New York courts presume that children should have both parents in their lives, even when the parents are divorced or otherwise not living together. This could mean shared child custody, or it could mean one of the parents gets sole custody and the other parent retains visitation rights.

It is unusual for the noncustodial parent to be denied visitation entirely, but sometimes there are serious questions about the parent’s ability to supervise and care for children safely, often due to a history of domestic violence. In those cases, the judge may place restrictions on the visitation, including ordering supervised visitation.

Supervised visitation means the parent may not be alone with his or her child. The presence of the supervisor will hopefully prevent abuse or neglect of the child. In some cases, the court will order therapeutic supervised visitation. This means the supervisor will be a mental health professional who works with the parent to improve his or her parenting skills, while also protecting the child.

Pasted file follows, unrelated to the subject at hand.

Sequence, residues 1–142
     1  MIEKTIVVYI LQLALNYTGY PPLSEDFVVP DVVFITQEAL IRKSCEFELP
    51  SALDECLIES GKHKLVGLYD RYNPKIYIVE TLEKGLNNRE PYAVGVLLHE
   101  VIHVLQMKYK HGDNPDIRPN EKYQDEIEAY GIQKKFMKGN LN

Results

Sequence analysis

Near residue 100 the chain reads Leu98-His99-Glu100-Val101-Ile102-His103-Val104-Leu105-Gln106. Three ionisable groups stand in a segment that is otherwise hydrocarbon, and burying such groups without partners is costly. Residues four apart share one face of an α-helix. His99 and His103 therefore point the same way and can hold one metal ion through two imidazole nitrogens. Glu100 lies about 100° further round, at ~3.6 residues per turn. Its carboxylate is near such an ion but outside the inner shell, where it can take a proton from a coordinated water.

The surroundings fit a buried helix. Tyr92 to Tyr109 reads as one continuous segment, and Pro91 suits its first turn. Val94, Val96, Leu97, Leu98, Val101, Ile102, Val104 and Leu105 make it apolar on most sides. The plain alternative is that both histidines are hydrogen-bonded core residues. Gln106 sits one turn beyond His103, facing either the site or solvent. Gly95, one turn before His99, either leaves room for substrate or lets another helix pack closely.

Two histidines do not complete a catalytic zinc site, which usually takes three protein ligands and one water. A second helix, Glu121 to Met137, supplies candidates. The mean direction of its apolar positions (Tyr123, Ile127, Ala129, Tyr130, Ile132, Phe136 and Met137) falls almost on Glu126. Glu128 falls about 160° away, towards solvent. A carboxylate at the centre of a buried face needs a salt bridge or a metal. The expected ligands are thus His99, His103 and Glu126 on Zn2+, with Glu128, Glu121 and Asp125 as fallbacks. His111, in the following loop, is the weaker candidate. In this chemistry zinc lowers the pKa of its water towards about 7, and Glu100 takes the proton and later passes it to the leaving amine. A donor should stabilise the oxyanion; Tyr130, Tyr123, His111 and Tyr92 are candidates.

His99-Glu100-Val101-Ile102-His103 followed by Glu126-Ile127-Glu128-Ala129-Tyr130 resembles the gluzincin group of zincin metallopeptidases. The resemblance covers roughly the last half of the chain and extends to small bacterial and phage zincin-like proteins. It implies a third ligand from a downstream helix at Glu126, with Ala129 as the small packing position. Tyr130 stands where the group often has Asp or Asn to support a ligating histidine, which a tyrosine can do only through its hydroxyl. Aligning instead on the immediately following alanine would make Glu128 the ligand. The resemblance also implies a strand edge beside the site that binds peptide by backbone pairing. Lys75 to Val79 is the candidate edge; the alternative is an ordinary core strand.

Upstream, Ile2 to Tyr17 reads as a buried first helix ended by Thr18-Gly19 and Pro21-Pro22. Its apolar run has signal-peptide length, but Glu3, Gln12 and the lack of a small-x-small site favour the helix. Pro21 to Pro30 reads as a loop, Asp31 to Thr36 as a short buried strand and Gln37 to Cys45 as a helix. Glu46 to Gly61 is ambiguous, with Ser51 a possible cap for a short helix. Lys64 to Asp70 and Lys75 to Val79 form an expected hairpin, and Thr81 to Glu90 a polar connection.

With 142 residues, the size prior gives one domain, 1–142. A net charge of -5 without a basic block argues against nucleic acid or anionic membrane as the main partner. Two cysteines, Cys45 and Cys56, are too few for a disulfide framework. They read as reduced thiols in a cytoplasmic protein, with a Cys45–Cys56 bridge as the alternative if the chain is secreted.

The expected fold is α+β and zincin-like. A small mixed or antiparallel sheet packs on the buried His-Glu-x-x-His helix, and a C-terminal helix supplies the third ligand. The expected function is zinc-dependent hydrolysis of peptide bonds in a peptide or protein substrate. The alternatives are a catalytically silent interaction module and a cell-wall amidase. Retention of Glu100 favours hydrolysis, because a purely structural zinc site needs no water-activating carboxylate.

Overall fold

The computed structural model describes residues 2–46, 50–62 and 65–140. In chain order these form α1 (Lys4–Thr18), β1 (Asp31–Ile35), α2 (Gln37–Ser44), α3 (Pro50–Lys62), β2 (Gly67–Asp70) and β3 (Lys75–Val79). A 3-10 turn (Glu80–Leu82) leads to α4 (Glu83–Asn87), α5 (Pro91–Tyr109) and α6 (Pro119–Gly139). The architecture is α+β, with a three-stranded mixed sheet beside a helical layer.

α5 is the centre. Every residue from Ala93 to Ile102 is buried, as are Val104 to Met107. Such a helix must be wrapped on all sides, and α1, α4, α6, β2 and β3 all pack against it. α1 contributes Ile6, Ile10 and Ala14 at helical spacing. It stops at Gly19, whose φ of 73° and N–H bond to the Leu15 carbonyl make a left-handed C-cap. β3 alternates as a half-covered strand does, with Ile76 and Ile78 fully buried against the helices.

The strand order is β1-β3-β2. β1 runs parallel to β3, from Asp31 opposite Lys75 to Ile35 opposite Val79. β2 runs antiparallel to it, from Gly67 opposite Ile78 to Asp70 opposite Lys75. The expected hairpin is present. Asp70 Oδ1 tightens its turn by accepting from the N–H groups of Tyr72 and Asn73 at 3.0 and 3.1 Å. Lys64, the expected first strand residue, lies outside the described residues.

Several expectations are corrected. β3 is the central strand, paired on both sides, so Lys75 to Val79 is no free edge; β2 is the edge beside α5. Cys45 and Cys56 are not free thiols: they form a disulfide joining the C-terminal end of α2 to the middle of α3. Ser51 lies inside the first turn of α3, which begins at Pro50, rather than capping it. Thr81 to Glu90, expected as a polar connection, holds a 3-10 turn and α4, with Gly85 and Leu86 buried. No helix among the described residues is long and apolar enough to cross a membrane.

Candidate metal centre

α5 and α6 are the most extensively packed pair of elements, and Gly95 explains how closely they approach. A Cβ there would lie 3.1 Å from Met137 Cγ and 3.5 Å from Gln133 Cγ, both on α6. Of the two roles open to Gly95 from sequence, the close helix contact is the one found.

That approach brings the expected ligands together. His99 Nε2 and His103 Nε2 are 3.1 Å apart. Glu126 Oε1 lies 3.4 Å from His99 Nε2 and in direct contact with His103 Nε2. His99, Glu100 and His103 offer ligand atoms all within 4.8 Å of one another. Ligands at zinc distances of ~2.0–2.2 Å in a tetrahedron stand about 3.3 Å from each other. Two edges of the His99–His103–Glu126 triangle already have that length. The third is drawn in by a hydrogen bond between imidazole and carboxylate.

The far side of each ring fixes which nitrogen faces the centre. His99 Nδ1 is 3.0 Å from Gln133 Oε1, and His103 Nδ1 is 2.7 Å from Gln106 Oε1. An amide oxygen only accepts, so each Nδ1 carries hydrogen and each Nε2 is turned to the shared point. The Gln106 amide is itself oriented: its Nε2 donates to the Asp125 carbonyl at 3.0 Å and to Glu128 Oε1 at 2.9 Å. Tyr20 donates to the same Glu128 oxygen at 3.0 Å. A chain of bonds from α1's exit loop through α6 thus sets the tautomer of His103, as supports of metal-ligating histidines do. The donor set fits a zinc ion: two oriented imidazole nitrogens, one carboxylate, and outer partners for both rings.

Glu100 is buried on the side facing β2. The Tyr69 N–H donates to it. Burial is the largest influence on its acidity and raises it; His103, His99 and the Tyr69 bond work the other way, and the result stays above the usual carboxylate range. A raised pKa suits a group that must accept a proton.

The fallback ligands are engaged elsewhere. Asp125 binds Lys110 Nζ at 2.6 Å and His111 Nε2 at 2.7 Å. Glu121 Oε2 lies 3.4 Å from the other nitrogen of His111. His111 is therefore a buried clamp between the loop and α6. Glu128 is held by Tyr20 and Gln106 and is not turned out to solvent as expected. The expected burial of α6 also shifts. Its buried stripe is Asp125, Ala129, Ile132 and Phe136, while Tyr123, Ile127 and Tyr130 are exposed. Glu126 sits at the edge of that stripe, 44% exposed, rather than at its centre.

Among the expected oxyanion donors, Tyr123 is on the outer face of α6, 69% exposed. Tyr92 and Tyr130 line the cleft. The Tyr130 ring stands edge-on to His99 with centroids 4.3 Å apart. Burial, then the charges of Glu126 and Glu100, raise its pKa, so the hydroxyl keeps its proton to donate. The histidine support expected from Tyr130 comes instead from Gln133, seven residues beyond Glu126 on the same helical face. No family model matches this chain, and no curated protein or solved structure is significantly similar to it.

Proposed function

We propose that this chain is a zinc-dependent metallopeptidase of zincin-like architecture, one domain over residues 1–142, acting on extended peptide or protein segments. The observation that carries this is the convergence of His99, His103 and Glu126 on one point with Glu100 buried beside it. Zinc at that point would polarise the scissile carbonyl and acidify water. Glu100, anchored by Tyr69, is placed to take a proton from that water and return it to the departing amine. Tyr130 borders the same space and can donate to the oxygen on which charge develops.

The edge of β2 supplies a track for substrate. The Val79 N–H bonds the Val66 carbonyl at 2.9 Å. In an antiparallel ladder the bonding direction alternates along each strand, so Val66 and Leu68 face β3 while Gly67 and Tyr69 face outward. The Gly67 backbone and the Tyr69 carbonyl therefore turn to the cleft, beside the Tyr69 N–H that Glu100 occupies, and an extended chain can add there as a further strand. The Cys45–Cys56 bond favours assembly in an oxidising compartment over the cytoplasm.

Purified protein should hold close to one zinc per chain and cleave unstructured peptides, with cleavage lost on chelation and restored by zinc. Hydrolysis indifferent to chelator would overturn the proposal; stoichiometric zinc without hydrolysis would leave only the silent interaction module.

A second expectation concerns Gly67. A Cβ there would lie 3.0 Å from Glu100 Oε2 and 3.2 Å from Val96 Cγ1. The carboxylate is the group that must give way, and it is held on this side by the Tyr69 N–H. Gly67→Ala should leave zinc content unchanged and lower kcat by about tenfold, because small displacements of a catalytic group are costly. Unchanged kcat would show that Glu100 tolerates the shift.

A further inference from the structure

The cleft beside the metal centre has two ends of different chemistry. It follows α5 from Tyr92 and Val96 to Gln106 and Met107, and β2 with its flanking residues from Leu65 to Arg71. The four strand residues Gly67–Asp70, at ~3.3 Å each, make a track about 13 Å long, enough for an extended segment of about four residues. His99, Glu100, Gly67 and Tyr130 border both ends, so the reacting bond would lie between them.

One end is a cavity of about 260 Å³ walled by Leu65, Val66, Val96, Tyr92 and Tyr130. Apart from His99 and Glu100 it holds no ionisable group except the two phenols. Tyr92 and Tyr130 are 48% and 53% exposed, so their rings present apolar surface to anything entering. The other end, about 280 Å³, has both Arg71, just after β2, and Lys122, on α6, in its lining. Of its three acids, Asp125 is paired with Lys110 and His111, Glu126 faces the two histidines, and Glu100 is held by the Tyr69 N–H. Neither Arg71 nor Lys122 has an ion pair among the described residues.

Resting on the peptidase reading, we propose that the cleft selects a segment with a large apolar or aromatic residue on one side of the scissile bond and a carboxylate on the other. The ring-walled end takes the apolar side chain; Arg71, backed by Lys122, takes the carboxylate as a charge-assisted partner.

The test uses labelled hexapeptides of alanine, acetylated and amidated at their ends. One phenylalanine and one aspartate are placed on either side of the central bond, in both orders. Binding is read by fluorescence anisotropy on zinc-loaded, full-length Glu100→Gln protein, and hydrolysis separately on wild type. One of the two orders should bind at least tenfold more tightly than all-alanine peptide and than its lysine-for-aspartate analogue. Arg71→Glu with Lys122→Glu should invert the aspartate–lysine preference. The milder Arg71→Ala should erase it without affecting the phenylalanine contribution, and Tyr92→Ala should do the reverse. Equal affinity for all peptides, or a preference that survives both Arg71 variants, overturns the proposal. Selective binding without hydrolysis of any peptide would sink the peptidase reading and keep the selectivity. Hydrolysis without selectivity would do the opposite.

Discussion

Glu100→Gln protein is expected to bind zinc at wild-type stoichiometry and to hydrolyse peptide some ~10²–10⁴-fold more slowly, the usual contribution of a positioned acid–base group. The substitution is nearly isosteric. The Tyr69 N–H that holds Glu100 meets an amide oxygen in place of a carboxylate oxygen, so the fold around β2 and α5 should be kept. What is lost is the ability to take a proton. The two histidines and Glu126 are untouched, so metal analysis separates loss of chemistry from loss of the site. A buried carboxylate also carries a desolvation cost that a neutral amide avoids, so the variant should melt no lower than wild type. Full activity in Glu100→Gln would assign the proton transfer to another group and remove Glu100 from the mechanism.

Even when the noncustodial parent is granted unsupervised visitation, the parents may have a tense relationship and be unable to shuttle the child between them on their own, requiring the court to set up a neutral place of exchange or even monitored exchange. The neutral place will be a safe location for the parents to exchange the child. In a monitored exchange, a third person will also come to the exchange to ensure that the exchange occurs and nobody’s safety is compromised.

These options show that, even when the family relationships are less than perfect, New York courts try to honor parental rights while taking children’s physical and emotional health seriously.